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17

NCCN Guidelines for Patients

®

:

Lung Cancer Screening, Version 1.2017

3

Should you start now?

Get the best screening test

Make a decision with your doctor

Screening isn’t recommended for high-risk people

with poor health, who if diagnosed with cancer would

not be able to get curative treatment. Poor health

might involve health conditions that are serous like

heart disease or another cancer diagnosis. NCCN

experts recommend that people at high risk for

lung cancer discuss and decide with their doctor

whether to start lung cancer screening or not. It is

also recommended that there be a multidisciplinary

team approach for lung cancer screening. This

means doctors or medical staff form different areas

of medicine come together and decide on a lung

screening plan.

For lung cancer screening, it is helpful to include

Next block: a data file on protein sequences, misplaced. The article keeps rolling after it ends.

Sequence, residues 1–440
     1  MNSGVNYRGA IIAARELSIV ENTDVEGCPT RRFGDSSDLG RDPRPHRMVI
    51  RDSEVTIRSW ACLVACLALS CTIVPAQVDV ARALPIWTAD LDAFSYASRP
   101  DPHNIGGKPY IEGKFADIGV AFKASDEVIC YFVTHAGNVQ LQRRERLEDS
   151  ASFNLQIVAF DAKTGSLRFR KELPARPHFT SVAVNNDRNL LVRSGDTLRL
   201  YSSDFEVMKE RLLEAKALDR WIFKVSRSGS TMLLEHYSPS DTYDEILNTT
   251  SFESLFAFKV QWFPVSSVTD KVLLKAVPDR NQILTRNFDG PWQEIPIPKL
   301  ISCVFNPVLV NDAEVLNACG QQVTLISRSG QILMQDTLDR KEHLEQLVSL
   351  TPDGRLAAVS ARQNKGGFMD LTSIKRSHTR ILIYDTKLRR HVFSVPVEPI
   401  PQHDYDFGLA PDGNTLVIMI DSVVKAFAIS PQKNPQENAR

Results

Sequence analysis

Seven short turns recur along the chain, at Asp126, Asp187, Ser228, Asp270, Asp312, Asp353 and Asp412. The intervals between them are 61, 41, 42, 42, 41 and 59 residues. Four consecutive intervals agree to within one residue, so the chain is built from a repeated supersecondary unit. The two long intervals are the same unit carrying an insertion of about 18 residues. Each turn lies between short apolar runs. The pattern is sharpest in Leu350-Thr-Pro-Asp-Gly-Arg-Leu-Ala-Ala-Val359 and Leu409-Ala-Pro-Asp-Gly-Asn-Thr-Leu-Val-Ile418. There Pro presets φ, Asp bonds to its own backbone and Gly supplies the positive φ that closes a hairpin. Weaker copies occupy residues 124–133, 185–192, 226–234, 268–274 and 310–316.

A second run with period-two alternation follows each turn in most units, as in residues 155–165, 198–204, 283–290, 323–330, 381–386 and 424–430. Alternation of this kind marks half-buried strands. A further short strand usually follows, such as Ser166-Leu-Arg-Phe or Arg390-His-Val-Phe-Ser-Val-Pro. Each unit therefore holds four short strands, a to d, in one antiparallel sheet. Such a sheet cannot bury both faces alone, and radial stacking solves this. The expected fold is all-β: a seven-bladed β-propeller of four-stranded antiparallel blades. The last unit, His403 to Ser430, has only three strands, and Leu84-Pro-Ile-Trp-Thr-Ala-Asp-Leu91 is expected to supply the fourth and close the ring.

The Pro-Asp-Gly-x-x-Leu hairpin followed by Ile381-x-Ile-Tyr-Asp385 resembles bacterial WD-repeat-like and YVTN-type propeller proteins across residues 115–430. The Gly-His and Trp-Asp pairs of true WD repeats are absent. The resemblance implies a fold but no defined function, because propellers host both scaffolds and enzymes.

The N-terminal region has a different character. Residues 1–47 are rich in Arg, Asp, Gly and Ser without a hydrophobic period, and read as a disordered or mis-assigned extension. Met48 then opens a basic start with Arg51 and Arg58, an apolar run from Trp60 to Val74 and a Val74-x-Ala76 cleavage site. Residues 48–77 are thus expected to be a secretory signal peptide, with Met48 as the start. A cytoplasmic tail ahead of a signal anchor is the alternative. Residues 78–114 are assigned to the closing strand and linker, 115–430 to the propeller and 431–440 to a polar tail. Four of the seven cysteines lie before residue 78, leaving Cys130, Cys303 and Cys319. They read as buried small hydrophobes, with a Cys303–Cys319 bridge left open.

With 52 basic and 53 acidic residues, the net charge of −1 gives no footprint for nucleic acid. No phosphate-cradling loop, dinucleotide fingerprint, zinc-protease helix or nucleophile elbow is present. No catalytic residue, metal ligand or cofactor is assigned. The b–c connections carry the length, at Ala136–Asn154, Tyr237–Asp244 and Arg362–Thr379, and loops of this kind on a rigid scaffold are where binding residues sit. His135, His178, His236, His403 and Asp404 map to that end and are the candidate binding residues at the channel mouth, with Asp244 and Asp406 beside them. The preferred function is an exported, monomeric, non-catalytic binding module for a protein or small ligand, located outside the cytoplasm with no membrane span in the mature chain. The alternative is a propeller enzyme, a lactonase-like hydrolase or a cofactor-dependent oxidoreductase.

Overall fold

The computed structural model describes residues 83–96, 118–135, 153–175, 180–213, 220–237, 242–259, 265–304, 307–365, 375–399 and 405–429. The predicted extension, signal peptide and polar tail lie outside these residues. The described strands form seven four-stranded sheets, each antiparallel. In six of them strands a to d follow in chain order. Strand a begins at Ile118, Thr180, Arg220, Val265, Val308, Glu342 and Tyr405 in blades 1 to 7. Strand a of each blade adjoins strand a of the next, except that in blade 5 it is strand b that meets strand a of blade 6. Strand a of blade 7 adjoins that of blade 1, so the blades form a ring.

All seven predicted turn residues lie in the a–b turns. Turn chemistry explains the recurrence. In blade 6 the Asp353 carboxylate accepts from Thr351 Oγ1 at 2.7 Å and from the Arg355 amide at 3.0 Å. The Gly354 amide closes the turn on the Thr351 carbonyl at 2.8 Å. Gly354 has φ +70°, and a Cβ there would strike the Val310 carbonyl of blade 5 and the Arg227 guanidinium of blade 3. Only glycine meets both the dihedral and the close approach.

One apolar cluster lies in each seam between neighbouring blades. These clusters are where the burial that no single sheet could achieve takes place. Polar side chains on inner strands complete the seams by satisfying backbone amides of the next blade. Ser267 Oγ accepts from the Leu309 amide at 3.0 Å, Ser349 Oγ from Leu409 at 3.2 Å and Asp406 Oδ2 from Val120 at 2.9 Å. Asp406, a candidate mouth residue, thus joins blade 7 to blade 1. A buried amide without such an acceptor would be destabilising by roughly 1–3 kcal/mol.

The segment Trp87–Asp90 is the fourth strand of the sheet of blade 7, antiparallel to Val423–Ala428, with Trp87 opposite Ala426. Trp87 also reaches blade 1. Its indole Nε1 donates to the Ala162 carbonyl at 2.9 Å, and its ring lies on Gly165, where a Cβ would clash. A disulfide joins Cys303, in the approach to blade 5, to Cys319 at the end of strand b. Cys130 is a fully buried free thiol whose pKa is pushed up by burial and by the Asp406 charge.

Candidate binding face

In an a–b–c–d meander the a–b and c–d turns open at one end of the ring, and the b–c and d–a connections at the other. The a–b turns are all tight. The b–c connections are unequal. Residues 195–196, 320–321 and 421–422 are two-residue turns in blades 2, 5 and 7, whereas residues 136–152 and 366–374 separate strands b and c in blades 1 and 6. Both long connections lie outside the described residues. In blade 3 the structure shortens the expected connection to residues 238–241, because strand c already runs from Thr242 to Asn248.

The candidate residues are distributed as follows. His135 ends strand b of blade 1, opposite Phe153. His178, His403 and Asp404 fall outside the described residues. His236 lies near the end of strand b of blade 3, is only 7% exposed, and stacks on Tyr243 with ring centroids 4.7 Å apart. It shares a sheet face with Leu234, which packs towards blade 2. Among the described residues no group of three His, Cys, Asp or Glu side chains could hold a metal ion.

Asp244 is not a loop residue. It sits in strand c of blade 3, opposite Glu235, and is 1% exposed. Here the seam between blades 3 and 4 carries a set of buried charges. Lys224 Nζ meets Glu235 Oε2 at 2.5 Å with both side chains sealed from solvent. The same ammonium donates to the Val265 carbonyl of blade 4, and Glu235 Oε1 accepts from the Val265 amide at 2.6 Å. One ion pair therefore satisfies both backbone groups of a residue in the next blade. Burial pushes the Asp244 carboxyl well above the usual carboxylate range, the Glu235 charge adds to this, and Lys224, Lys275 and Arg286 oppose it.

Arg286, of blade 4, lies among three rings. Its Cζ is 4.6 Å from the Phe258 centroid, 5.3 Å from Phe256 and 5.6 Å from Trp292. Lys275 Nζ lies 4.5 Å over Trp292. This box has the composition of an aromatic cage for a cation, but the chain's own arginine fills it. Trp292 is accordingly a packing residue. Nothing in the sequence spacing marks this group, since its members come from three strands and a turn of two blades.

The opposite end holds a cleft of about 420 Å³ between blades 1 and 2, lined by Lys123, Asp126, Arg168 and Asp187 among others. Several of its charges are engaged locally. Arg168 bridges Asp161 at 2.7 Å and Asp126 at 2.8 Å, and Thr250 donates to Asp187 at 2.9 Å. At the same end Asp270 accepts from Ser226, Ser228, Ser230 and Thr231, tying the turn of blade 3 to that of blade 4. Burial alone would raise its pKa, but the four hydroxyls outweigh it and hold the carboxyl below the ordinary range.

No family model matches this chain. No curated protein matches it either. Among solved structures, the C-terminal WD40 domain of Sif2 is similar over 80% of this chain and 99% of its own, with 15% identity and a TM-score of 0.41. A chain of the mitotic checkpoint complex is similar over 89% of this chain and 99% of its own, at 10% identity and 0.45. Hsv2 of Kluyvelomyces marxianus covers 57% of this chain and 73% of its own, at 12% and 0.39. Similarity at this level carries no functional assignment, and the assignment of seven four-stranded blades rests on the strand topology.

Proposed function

doctors from:

†

†

Thoracic (chest) radiology

†

†

Pulmonary (lung) medicine

†

†

Thoracic surgery

The team could be involved from initial screening

with an LDCT (

l

ow-

d

ose

c

omputed

t

omography)

through follow-up screening. Initial screening is

called the first LDCT or baseline LDCT. Follow-up

LDCTs are done at certain time points and are based

on the first LDCT results.

It is important to talk openly about the benefits and

risks of lung cancer screening with your medical

team. See Part 6 for some benefits and risks you can

talk about with your doctors.

Get the best screening test

Research supports using spiral (also called helical)

LDCT of the chest for lung cancer screening. It is the

only screening test proven to reduce the number of

deaths from lung cancer. However, a single LDCT

test may show abnormalities that suggest there is

cancer when there is no cancer.

Figures 3 and 4

depict some of the benefits and risks of lung cancer

screening.

Number of

packs per day

Pack years

Years of smoking

The amount of smoking is

based on pack years

1.5 packs a day

x 30 years

= 45 pack years